No funny backstory here; just a photo that I wanted to share. It’s a shot looking out over the back of the Grand Palace in Bangkok, with some statuary and the Thai flag in the frame.
While traveling down the Chao Phraya river by watertaxi to the Grand Palace, our boat stopped to pick up a gaggle1 of Buddhist monks. I desperately wanted to take a picture, but didn’t want to be too obvious about it. I took a quick shot, then tried to look inconspicuous. Imagine my horror when I looked at the photos this morning and saw that one of the monks was staring right back at me.
I’m sure there’s some sort of kharmic retribution for taking unauthorized photos of monks. If I come back as a mealworm, I guess I’ll know why.
1 I’m pretty sure that Buddhist monks come in gaggles. Versus, say, priests, that come in murders.
I don’t like flying and I got the feeling this guy doesn’t either. But, swimming to Thailand for our vacation wasn’t an option, so we found ourselves waiting at Narita for our flght. The look on his face captured the way I feel before getting on an airplane. It’s boredom, expectation and a dash of grim determination.
Yukari, on the other hand, has a slightly more contemplative look about her.
Please note: The picture at the left, originally of Yukari looking pretty and thoughtful, has been replaced, at the request of the subject, by a bucket kitten. We apologize for any inconvenience caused.
If the Japanese haven’t cornered the market on weird postcards, they certainly are market makers.
I picked this postcard up at Babbi, an ice cream store in our neighborhood, from one of those free postcard ad thingys.
It’s an ad for a cellphone-based portal. The postcard pitches their “educational” content (Yes!!!!!! I’m Smart!!!! And I Love Punctuation!!!!!!!!), but they also offer different kinds of graphical clocks and multimedia countdowns to the release of movies.
I was walking down the back hill near our house last weekend when I suddenly heard a sing-song chant coming towards me from behind.
It was the kendo class from one of the local schools and I came very close to being trampled. Luckily for both me and you, I escaped with my life and this picture:
Visiting the atomic bomb museum in Nagasaki reminded me of how much of an accidental target Nagasaki was. As late as July 23rd, 1945, Nagasaki hadn’t been put on the target list for atomic bombing.
Even on August 9th, the day the bomb was dropped, Kokura, not Nagasaki, was the primary target. Bock’s Car, the B-29 carrying the Fat Man bomb, circled over Kokura, but couldn’t find the aiming point, due to haze and smoke.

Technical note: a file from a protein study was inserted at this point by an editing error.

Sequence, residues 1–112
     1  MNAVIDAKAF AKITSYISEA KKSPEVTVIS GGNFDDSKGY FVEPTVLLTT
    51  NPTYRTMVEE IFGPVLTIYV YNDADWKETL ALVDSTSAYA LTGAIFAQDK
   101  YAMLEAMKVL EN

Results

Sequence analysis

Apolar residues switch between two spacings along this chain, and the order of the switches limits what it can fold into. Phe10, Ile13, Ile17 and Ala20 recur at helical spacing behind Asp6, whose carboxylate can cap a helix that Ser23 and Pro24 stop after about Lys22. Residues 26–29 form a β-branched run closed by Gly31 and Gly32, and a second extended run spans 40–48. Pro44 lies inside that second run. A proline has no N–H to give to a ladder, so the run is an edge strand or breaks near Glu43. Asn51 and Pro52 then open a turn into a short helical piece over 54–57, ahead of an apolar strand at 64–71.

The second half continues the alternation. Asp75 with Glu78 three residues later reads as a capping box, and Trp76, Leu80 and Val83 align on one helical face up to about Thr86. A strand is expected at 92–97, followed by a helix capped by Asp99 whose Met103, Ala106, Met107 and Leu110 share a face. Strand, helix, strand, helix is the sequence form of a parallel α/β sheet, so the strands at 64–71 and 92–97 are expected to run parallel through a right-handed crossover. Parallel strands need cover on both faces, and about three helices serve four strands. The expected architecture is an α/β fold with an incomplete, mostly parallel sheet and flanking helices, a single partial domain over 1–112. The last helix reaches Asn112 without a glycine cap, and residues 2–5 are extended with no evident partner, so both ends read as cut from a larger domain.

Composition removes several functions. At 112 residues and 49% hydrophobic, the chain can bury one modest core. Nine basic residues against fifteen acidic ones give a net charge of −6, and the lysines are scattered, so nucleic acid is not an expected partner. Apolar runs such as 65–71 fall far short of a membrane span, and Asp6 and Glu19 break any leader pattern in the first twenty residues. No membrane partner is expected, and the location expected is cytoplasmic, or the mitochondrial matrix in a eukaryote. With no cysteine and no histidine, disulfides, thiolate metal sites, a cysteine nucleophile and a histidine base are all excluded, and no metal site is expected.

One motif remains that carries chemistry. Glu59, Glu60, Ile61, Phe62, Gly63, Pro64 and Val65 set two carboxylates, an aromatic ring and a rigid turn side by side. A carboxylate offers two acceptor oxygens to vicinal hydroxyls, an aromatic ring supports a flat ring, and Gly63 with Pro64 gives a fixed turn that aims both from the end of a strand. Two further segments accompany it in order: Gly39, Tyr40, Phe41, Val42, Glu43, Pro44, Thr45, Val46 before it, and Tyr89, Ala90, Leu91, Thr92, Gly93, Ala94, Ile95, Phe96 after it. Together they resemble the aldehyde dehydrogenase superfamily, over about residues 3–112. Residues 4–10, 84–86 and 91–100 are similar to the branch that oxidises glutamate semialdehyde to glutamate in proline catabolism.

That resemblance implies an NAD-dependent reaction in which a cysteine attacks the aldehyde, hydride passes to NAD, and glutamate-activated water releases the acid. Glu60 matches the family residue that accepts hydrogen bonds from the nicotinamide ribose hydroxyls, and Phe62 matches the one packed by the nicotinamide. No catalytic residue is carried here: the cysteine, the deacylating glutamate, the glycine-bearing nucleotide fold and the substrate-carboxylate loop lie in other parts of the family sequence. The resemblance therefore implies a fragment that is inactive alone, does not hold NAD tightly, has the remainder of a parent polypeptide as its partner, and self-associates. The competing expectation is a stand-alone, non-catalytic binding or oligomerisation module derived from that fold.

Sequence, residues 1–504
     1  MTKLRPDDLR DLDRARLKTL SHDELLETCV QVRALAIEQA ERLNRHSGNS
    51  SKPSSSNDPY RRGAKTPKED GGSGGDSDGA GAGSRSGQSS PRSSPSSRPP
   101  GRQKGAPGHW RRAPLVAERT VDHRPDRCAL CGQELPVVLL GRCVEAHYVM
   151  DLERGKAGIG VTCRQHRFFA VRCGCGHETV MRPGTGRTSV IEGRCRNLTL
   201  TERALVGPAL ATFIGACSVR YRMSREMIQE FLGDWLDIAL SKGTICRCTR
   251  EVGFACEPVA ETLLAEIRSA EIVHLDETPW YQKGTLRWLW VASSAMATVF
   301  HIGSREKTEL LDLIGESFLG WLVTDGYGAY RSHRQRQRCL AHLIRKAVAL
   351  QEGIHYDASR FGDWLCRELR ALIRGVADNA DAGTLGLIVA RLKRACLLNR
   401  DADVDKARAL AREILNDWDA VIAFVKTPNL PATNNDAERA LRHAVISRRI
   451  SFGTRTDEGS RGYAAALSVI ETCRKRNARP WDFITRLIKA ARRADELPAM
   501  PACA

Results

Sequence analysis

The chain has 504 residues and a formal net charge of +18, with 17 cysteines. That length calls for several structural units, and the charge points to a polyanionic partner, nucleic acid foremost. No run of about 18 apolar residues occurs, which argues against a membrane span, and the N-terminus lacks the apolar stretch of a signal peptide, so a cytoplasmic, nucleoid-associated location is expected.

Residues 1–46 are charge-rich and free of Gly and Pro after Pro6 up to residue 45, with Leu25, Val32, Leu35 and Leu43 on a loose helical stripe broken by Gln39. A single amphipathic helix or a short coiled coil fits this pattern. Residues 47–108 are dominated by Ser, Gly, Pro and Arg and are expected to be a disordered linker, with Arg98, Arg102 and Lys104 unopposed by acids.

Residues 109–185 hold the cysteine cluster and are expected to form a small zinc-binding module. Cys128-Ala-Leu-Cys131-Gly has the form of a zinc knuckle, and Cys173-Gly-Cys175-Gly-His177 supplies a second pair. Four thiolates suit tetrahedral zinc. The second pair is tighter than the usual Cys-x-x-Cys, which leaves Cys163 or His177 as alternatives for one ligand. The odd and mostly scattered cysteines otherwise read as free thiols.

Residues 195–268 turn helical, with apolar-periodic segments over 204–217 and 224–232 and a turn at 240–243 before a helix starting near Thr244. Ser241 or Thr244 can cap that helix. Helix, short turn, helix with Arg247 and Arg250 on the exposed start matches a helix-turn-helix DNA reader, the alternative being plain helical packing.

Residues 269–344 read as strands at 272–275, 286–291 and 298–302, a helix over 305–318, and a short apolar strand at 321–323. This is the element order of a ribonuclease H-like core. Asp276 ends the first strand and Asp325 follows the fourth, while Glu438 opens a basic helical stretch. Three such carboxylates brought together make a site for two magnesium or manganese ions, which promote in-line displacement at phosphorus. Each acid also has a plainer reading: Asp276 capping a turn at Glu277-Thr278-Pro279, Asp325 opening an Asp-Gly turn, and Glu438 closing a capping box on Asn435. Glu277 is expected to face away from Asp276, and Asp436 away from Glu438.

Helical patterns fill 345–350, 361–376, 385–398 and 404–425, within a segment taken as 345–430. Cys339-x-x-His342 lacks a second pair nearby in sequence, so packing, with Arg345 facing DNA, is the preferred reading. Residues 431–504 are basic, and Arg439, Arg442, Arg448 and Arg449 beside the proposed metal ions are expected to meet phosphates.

With little fuel left, they flew to Nagasaki to make a single bombing run. Ashworth, the weaponeer, authorized a radar bombing run, against protocol, since the cloud cover was so thick. Then, a break in the clouds gave the bombardier a view of the Mitsubishi stadium. The bomb was released and exploded at 11:02AM, 1650 feet over a tennis court in Mastuyama-machi. Nagasaki was profoundly unlucky.
Today, a thin, black obelisk, ringed by concentric stone circles, marks the hypocenter. Anyone standing at this point 60 years ago simply disappeared; instantly vaporized by the bomb’s intense heat and light, then blown to the winds by the shockwave that followed. A more cruel fate awaited those further away from ground zero: painful burns, radiation sickness and, for those that survived, a lifetime of anxious waiting, wondering if a radiation-induced cancer would claim them.
The loss was greater than the simple sum of human and property damage, of course. Richard Rhodes quotes a haunting passage from Hannah Arendt in The Making of the Atomic Bomb. Arendt describes the destruction of what she calls the “Common World”:
In the case of an atomic bombing…a community does not merely receive an impact; the community itself is destroyed. Within 2 kilometers of the atomic bomb’s hypocenter all life and property were shattered, burned and buried under ashes. The visible forms of the city where people once carried on their daily lives vanished without a trace. The destruction was sudden and thorough; there was virtually no chance to escape… Citizens who had lost no family members in the holocaust were as rare as stars at sunrise…